As habitats become increasingly fragmented by agriculture and development, it is critical to understand if disparate populations can remain genetically connected and diverse—or if they succumb to inbreeding. Rachel Toczydlowski, a PhD student in Professor Don Waller’s lab, is using native orange jewelweed (Impatiens capensis) to study gene flow in temperate riverine systems—that is, how genes migrate between plant populations, and how the landscape facilitates or impedes genetic connectivity.
Jewelweed lives in wet nutrient-rich soil along waterways and in moist forests. Rachel’s study sites are in south-central Wisconsin floodplain forests, which tend to be small and fragmented, often left in a natural state because they are so wet. Rachel says “I was really struck by the contrast between the interior of these floodplain forest patches and the surrounding agricultural landscape; they were unlike any other natural place I had previously visited or worked. I would pull off the road next to a forest patch, surrounded by agricultural fields, walk 5–10 feet off the road, and find myself inside a totally different world.”
Although the forest patches are small and isolated, rivers flow through and connect them. Rachel wants to understand whether the rivers work to connect these separate jewelweed populations genetically, moving seeds from one to another, for instance during spring floods. She explains: “As suitable habitats become smaller and less connected to each other, populations often suffer from inbreeding, which reduces fitness and can cause local extinctions. If populations are able to exchange genes somehow, inbreeding can often be alleviated and small populations can persist.” In addition, she is asking whether populations are uniquely adapted to their local environments.
During fall 2014, Rachel measured traits on more than 1,000 plants in 12 forest sites, documenting morphological differences among the populations. She also collected leaf tissue for genetic analysis and gathered 7,200 seeds—a complicated task because jewelweed seed capsules explode when touched.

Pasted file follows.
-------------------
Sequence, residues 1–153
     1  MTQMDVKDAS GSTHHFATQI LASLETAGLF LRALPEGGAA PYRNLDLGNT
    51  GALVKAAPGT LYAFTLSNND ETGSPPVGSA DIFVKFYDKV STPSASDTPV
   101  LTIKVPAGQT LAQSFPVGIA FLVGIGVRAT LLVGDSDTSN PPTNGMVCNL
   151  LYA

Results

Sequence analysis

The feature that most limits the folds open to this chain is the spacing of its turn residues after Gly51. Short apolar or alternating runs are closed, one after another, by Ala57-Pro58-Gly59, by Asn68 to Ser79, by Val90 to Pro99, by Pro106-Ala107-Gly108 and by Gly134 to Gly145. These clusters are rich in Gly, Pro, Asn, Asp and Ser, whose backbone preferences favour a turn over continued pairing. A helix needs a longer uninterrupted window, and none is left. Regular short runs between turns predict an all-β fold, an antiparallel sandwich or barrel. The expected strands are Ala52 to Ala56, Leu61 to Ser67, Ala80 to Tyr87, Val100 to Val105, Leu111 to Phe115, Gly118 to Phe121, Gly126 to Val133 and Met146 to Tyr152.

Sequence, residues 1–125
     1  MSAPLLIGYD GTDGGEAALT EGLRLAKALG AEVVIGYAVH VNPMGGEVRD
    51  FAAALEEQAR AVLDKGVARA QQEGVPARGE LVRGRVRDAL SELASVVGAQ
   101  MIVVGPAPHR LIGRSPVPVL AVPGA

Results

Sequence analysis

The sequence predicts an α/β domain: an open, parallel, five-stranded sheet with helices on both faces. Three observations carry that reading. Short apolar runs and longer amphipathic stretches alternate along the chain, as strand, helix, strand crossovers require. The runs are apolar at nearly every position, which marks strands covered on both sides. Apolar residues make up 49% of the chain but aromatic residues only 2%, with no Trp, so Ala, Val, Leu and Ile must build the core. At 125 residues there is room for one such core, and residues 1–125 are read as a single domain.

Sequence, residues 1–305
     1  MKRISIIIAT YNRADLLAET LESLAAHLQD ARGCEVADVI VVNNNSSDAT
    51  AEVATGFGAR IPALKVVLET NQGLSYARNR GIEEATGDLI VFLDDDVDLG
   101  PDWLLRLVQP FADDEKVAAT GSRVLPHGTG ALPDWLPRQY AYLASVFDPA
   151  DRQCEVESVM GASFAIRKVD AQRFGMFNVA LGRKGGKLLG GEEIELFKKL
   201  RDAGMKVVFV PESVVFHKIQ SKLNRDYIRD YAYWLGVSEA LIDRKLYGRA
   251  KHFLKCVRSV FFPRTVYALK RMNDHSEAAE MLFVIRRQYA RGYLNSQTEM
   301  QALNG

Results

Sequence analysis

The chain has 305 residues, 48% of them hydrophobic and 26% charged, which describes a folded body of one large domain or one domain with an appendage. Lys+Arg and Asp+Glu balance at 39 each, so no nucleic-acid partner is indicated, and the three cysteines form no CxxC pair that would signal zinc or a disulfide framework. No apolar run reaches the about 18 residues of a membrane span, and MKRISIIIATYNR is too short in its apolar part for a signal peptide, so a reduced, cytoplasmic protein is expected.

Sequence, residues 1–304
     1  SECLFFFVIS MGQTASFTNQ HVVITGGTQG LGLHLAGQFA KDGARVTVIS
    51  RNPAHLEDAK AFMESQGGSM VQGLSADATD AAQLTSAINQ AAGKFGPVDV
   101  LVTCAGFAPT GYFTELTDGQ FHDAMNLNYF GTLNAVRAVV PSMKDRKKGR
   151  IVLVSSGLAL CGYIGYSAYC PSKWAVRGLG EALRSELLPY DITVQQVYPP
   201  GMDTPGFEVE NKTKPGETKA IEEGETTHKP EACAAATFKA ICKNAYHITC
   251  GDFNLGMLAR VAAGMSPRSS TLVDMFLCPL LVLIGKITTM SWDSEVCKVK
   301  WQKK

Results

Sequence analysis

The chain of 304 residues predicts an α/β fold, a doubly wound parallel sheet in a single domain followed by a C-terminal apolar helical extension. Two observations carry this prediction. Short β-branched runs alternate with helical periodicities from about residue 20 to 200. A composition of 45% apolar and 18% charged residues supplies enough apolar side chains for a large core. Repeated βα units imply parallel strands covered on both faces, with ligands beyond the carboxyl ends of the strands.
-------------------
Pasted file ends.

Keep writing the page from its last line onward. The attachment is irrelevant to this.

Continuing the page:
To test whether the plants’ site-specific morphological differences reflect inherent genetic differences or simply variable growing conditions, she germinated the collected seeds and planted them in a plot at the Arboretum in spring 2015. Rachel tracked plant height, seed production, and stem diameter every two weeks during the growing season. She found clear differences among plants from one population to the next, even though they all grew together in the same environment, which demonstrates that the jewelweed populations differ genetically. Rachel will next use the genetic data to understand gene flow patterns and see if it tells the same population differentiation story as the morphological data.
“Each population could harbor unique adaptations,” she notes, and maintaining gene flow may be necessary to sustain the genetic variation that evolution depends on. She is also concerned how patterns of gene flow may change “if climate change is altering patterns of water flow and flooding. We need to understand how landscape and changing climate affect gene flow and the ability of this and other species to adapt.”
Rachel’s work is supported by an NSF Graduate Research Fellowship, an NSF Dimensions of Biodiversity grant on which Don Waller is a co–principal investigator, and Botany Department funding through the Flora Aeterna Research Award, Demeter Research Award, and Davis Field Travel Award. She is pursuing a career in ecological and evolutionary botany research and outreach.